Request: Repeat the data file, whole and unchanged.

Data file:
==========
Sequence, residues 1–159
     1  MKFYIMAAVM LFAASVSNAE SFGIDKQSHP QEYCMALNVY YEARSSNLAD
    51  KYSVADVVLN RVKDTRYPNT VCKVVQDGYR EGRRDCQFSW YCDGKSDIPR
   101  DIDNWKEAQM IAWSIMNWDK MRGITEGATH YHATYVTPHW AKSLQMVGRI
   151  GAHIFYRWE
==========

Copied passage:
Sequence, residues 1–159
     1  MKFYIMAAVM LFAASVSNAE SFGIDKQSHP QEYCMALNVY YEARSSNLAD
    51  KYSVADVVLN RVKDTRYPNT VCKVVQDGYR EGRRDCQFSW YCDGKSDIPR
   101  DIDNWKEAQM IAWSIMNWDK MRGITEGATH YHATYVTPHW AKSLQMVGRI
   151  GAHIFYRWE